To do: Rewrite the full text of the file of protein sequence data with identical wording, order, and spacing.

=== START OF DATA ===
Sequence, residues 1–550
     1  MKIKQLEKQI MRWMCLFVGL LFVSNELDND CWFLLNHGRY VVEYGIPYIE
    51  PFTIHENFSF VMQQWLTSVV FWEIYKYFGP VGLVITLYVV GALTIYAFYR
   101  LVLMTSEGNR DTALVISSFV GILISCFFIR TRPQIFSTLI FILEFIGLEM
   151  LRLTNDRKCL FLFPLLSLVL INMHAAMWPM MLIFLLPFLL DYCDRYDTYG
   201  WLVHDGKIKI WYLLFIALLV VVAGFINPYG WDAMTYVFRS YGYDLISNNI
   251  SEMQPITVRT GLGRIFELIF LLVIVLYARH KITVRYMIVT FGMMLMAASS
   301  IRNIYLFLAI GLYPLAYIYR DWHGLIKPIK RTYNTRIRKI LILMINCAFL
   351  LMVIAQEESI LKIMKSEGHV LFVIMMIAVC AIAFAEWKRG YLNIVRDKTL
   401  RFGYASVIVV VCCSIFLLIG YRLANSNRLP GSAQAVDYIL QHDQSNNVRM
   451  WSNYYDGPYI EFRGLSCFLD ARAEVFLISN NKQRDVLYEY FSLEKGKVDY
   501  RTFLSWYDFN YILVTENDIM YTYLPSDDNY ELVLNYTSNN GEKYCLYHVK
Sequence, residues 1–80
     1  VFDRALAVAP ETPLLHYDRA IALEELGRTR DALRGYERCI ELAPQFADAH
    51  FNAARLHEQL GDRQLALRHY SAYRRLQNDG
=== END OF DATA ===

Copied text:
Sequence, residues 1–550
     1  MKIKQLEKQI MRWMCLFVGL LFVSNELDND CWFLLNHGRY VVEYGIPYIE
    51  PFTIHENFSF VMQQWLTSVV FWEIYKYFGP VGLVITLYVV GALTIYAFYR
   101  LVLMTSEGNR DTALVISSFV GILISCFFIR TRPQIFSTLI FILEFIGLEM
   151  LRLTNDRKCL FLFPLLSLVL INMHAAMWPM MLIFLLPFLL DYCDRYDTYG
   201  WLVHDGKIKI WYLLFIALLV VVAGFINPYG WDAMTYVFRS YGYDLISNNI
   251  SEMQPITVRT GLGRIFELIF LLVIVLYARH KITVRYMIVT FGMMLMAASS
   301  IRNIYLFLAI GLYPLAYIYR DWHGLIKPIK RTYNTRIRKI LILMINCAFL
   351  LMVIAQEESI LKIMKSEGHV LFVIMMIAVC AIAFAEWKRG YLNIVRDKTL
   401  RFGYASVIVV VCCSIFLLIG YRLANSNRLP GSAQAVDYIL QHDQSNNVRM
   451  WSNYYDGPYI EFRGLSCFLD ARAEVFLISN NKQRDVLYEY FSLEKGKVDY
   501  RTFLSWYDFN YILVTENDIM YTYLPSDDNY ELVLNYTSNN GEKYCLYHVK
Sequence, residues 1–80
     1  VFDRALAVAP ETPLLHYDRA IALEELGRTR DALRGYERCI ELAPQFADAH
    51  FNAARLHEQL GDRQLALRHY SAYRRLQNDG